In connection with the performance of an impairment test for tangible assets and definite-lived intangible assets, we compare the carrying amount of the asset group to the estimated undiscounted future cash flows expected to be generated by the assets.  If the undiscounted cash flows of the asset group/reporting unit are less than the carrying value, an estimate of an asset group’s/reporting unit’s fair value is based on discounted future cash flows expected to be generated by the asset group/reporting unit, or based on management’s estimated exit price assuming the assets could be sold in an orderly transaction between market participants or estimated salvage value if no sale is assumed.  If the fair value is less than the carrying value of the asset group/reporting unit, we record an impairment charge equal to the difference between the fair value and carrying value of the asset group/reporting unit.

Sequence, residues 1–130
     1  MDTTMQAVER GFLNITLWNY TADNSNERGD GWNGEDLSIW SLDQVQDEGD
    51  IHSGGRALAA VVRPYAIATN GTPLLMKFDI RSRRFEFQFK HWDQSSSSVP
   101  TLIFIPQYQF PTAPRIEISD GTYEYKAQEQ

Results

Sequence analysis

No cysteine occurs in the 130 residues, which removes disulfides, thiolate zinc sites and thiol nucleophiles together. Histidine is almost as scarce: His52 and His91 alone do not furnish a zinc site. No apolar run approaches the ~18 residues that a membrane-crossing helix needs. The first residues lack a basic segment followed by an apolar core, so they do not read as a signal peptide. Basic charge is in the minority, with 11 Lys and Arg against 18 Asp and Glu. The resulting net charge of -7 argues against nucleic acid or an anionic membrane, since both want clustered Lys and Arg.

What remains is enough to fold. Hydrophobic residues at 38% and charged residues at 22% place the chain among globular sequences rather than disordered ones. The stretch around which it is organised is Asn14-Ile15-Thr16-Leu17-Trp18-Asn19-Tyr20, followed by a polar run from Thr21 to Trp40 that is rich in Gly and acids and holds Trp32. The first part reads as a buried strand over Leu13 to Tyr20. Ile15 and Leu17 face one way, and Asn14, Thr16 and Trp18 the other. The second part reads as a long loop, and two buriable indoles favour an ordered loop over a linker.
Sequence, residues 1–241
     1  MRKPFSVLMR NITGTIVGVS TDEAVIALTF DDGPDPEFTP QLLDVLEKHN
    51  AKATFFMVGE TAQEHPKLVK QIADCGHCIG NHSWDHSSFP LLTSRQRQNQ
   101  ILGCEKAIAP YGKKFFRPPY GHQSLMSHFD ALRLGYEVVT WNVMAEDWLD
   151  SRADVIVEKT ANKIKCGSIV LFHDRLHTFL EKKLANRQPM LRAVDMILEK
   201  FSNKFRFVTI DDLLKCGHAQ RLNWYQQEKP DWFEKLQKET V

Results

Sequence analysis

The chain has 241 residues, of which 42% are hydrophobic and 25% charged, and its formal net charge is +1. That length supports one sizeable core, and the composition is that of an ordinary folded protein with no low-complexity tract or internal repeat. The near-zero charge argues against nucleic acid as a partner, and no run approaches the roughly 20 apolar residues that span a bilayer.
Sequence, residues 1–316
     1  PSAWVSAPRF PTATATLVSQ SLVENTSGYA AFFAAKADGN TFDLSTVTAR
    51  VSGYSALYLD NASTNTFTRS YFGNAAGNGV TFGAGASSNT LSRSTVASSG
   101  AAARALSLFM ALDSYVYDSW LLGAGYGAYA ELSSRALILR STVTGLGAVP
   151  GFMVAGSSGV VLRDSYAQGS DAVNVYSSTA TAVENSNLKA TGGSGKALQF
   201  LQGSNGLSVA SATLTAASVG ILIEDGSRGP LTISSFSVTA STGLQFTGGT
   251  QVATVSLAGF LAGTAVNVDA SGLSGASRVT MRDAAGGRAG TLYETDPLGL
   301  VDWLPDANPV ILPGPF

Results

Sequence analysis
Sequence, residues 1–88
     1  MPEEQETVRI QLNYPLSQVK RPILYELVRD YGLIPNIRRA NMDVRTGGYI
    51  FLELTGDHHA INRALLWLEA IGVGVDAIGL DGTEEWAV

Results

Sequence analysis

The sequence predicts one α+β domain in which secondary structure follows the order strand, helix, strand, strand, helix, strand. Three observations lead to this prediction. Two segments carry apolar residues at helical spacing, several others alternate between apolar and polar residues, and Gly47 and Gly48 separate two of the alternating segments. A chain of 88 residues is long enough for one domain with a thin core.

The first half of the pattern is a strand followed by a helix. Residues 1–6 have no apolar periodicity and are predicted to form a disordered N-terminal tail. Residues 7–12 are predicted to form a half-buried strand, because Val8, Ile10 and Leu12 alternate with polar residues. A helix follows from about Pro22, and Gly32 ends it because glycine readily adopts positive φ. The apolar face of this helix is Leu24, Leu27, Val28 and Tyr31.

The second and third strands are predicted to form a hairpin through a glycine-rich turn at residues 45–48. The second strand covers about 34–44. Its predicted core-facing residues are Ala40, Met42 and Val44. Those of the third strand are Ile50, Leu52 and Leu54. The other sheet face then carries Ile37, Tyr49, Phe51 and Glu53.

In connection with the performance of an impairment test for indefinite-lived intangible assets and goodwill, we compare the carrying amount of the asset (when testing indefinite-lived intangible assets) and reporting unit (when testing goodwill) to the estimated fair value. For indefinite-lived intangible assets, the estimated fair value is based on discounted future cash flows using the relief from royalty method.  For goodwill, the estimated fair value is based on discounted future cash flows expected to be generated by the reporting unit. If the fair value is less than the carrying value of the asset/reporting unit, we record an impairment charge equal to the difference between the fair value and carrying value of the asset/reporting unit.